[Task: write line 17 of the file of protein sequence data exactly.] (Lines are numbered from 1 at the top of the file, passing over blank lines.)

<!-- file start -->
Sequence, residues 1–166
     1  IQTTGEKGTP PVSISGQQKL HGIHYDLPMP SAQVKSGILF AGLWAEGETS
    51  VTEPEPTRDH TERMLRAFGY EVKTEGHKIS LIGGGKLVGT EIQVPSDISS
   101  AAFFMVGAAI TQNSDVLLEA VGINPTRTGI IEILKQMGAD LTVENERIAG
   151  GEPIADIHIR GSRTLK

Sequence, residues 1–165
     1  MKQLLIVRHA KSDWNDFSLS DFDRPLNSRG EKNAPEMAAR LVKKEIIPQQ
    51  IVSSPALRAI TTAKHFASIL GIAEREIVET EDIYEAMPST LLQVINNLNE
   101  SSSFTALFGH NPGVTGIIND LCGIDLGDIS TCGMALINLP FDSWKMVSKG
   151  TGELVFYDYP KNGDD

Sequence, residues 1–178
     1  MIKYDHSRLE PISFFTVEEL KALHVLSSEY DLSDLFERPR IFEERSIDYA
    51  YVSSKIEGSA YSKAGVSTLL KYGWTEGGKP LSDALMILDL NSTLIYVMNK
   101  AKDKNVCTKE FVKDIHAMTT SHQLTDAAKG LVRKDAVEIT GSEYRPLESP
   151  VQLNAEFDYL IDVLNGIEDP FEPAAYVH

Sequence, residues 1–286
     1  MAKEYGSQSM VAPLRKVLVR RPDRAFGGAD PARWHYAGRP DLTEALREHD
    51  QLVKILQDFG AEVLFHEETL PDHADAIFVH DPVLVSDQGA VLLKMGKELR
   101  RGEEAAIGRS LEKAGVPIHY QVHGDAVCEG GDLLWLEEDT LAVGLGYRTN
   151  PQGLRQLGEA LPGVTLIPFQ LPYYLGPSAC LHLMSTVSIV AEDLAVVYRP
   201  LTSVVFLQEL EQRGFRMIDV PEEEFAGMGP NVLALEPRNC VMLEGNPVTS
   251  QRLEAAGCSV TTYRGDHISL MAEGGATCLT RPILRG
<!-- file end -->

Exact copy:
     1  MAKEYGSQSM VAPLRKVLVR RPDRAFGGAD PARWHYAGRP DLTEALREHD